RODENTS and people may not appear to be closely related, but consider this the next time you look in a mirror: the genes of human beings and mice are 85 percent identical. This similarity is one of the reasons Lawrence Livermore scientists are studying mice. At Livermore's Human Genome Center, biomedical scientist Lisa Stubbs is leading a team that is studying the mouse genome to better understand the functions of human genes. Comparative genomics-analyzing and comparing the genetic material of different species-is viewed by bioscientists as an important method for studying evolution, the functions of genes (what they do and why), and inherited diseases.
Hunting Down Damaged Chromosomes
To find out which gene is responsible, a researcher takes a small snip of skin from a mouse tail and grows the skin cells in a petri dish. Chromosomes from those cells are then spread on a microscope slide. In the laboratory, the researchers look for one particular kind of mutation called a translocation, which involves obvious changes in chromosome structure. Because the chromosomes are visibly disrupted, researchers can easily map the position of the mutated gene using only a simple light microscope. For example, the figure at right shows two mouse chromosomes-2 and 14-where such a translocation has occurred. "We knew immediately that the gene responsible for the trait would be found on one of those two chromosomes," Stubbs explains.|
The researchers then use a procedure called fluorescent in situ hybridization (FISH), a technique for painting chromosomes with a fluorescent dye, to pinpoint the gene's location. They label a gene from a normal chromosome 2 with the fluorescent dye and add it to a slide containing the mutant mouse chromosomes. The labeled gene probe recognizes DNA sequences spread over the slide that are identical to its own and binds to the chromosome at that site. "In this way," Stubbs says, "we can map any gene relative to the translocation and `trap' the mutated gene in a small, well-defined region."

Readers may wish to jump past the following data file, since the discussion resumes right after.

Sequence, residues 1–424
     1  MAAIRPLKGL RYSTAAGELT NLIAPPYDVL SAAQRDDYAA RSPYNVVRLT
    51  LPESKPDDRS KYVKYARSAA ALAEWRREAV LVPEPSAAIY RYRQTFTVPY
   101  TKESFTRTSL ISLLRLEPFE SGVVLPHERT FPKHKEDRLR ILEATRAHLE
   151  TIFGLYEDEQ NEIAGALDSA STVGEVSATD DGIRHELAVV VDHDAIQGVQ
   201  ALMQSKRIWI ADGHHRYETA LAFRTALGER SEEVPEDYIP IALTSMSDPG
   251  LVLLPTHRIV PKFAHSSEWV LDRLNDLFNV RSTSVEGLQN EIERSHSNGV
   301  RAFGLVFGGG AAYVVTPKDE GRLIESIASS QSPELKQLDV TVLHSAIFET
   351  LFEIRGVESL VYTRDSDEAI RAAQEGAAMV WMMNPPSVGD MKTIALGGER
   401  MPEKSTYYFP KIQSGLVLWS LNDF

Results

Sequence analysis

The researchers repeat the process for other genes on chromosome 2 until they have narrowed down the "breakpoints," that is, the end pieces of the two broken and rejoined chromosome segments. Once they zero in on the chromosome section involved, they search the DNA sequence of that region to identify the genes that have been disrupted by the chromosome break.
"By the time we go to the DNA sequence and begin searching out individual genes," Stubbs says, "we know exactly which spot on the chromosome we must deal with." She continues, "When an organism is exposed to radiation or chemicals, we don't know ahead of time which genes will be affected. It's random, like potluck. All genes `do something,' but some genes are less important than others-their activities affect our development or our health in very subtle ways. If such genes are mutated, we see no visible effects. Others genes, such as those that predispose someone to cancer or obesity, are essential, and their mutations have very obvious impact. All of our mice have mutations. But by focusing specifically on those with visible abnormalities, we are aiming at those genes that play the most important roles in maintaining health."
Of Human Genes and the Department of Energy
Humans have 23 pairs of chromosomes that are made up of DNA (deoxyribonucleic acid), chemical characters arrayed in a particular order in a chain. The chromosomes contain the three billion characters that make up the human genome.
Sequencing is the work of determining the exact order of four individual chemical building blocks that form DNA. These four chemical bases-commonly abbreviated as A, G, C, and T-bind together to create base pairs of DNA molecules. After researchers sequence a piece of DNA, they search for the special strings of sequences that form genes.